This view has been helped by numerous so-called educational resources. BBC’s Bitesize website, for example, takes a leaf from certain 19th-century British historians,  the type of who saw Catholics as ignorant and childish, and caricatures Medieval peasants as “extremely superstitious” individuals who were “encouraged to rely on prayers to the saints and superstition” for guidance through life.  It even accuses the Catholic Church of stagnating human thought and impeding technological development.

This does not represent the view, however, of many serious historians and academics. As Professor Ronald Numbers of Cambridge University explains:

“Notions such as: ‘the rise of Christianity killed off ancient science’, ‘the medieval Christian Church  suppressed the growth of the natural sciences’, ‘the medieval Christians thought that the world was  flat’, and ‘the Church prohibited autopsies and dissections during the Middle Ages’ [are] examples of  widely popular myths that still pass as historical truth, even though they are not supported by  historical research.’

In reality, the Middle Ages saw advances in law, politics, the sciences, theology, philosophy, and more. It saw the birth of the chartered town which ushered in the tradition of local self-governance. The existence of a strong papacy laid the foundations of limited political power as it prevented monarchs, who justified their power through their so-called “unique” relationship with God and the Church, from monopolising power.  This symbolic limitation on monarchical power was manifested in the Magna Carta (1215) and the birth of the English Parliament.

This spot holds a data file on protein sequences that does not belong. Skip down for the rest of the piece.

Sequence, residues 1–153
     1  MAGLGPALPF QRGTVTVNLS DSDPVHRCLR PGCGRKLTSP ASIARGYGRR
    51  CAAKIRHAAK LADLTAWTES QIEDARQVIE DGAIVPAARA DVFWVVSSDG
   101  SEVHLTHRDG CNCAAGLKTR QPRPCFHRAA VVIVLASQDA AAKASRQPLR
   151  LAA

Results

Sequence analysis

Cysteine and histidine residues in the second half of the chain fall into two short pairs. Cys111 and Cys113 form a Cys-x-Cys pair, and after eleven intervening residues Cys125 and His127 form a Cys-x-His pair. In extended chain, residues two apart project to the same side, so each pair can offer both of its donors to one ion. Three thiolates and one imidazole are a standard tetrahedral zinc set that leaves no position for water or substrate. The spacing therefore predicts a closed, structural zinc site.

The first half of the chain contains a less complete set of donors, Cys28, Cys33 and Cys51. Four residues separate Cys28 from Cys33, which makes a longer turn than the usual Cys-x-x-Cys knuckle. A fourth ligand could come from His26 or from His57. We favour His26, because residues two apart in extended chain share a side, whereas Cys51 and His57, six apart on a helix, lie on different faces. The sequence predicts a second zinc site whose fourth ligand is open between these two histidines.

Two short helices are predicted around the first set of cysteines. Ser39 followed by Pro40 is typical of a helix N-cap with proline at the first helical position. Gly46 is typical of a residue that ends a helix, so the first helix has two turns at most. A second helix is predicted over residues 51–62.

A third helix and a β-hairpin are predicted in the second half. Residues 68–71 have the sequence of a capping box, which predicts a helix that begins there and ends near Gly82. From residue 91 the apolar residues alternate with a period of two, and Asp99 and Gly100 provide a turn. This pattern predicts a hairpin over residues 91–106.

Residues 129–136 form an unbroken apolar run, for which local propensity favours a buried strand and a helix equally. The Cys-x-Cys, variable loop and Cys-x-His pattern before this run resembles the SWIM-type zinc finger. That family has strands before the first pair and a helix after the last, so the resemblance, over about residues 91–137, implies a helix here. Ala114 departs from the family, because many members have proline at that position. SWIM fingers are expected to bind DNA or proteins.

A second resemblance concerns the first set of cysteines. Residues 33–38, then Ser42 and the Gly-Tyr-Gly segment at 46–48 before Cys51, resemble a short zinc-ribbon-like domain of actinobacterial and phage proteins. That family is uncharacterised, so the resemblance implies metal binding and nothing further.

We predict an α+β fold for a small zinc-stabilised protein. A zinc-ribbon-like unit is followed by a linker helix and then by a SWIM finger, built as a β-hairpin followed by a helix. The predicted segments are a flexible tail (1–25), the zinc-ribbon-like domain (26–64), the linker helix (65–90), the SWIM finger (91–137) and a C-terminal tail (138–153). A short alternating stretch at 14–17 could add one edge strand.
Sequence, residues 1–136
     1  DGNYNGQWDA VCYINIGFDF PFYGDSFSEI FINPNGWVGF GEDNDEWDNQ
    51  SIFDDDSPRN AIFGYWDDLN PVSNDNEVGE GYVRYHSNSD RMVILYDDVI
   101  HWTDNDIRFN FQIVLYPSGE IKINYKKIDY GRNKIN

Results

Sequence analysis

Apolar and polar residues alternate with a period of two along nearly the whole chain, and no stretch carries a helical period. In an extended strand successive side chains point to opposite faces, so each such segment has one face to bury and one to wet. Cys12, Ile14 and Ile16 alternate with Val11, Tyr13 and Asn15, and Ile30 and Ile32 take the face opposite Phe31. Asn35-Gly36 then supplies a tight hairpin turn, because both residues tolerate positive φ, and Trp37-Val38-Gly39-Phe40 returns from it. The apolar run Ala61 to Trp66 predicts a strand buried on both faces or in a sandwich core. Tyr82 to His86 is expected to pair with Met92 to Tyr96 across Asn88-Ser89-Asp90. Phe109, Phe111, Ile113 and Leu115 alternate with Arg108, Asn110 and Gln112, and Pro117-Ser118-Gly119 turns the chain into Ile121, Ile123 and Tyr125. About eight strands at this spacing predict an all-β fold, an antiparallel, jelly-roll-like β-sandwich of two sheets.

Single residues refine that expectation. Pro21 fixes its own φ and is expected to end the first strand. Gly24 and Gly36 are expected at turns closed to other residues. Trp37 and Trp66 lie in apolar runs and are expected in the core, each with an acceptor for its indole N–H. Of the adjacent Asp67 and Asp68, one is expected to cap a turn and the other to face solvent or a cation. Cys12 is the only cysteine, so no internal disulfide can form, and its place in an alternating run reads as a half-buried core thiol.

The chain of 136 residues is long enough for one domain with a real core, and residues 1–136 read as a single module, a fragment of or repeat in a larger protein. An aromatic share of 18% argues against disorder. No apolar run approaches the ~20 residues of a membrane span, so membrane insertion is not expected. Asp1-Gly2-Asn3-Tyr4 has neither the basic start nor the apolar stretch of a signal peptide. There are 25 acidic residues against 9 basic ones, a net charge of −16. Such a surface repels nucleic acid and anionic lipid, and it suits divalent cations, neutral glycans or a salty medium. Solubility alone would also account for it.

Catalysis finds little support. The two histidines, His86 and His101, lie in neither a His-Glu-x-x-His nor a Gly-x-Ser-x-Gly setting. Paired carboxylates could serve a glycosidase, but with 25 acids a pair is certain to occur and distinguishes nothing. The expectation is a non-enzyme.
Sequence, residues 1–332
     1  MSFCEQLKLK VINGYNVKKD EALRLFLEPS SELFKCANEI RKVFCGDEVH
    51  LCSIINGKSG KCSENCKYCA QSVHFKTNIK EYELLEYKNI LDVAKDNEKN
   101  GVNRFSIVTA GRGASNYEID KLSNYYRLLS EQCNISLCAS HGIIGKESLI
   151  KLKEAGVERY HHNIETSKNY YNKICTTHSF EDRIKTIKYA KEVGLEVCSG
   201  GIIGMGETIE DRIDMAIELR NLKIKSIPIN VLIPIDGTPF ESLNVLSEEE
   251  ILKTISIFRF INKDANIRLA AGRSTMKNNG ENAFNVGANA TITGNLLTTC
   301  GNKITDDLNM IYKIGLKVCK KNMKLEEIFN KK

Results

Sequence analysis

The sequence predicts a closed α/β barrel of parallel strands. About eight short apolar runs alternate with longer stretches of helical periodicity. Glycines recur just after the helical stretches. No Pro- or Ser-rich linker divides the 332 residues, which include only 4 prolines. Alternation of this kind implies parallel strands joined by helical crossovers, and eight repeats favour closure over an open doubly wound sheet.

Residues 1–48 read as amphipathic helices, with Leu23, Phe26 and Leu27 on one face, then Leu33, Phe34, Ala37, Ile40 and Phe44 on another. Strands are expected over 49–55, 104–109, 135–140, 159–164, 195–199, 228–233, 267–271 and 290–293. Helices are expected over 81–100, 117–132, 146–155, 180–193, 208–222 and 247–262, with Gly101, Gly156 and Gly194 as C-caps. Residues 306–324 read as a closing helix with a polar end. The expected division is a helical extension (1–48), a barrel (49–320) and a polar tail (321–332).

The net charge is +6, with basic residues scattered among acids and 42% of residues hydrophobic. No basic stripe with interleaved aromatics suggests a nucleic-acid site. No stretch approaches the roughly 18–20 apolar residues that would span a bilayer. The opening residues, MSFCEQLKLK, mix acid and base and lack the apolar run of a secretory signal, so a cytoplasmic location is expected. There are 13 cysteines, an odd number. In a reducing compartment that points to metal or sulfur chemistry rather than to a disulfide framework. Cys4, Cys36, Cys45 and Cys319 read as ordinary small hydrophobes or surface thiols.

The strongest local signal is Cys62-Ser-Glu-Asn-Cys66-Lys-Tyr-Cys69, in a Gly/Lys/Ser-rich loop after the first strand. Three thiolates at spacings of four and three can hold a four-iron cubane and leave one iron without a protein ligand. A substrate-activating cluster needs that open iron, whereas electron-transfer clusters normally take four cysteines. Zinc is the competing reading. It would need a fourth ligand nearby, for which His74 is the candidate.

The people of the Middle Ages produced magnificent Gothic cathedrals and churches. Many medieval monks became patrons of the arts and many were even artists themselves. In literature, the Middle Ages saw Dante’s the Divine Comedy and Geoffrey Chaucer’s Canterbury Tales. In music, the Middle Ages laid the foundation of Western classical music and saw the development of musical notation, western harmony, and many of the Christmas carols we know and love today.

Likewise, the Carolingian Renaissance of the 8th and 9th centuries saw advancements in the study of literature, architecture, jurisprudence, and theology. Medieval scholars and scientists, many of whom were monks and friars, studied natural philosophy, mathematics, engineering, geography, optics, and medicine.

In the spirit of intellectual and spiritual enlightenment, many universities, including Oxford University, Cambridge University, and the University of Cologne. These universities educated their students on law, medicine, theology, and the arts. In addition, the period also saw the foundation of many schools and many early Christian monasteries were committed to the education of the common people.

The Middle Ages saw advances in science, literature, philosophy, theology, the arts, music, politics, law, and more. Its legacy is all around us: whether it is in the limitations placed on the powers of Governments, the music we listen to, or in the tradition of education many of us have benefited from. In an era of political correctness perhaps we should be wondering whether we’re living in the “dark ages.”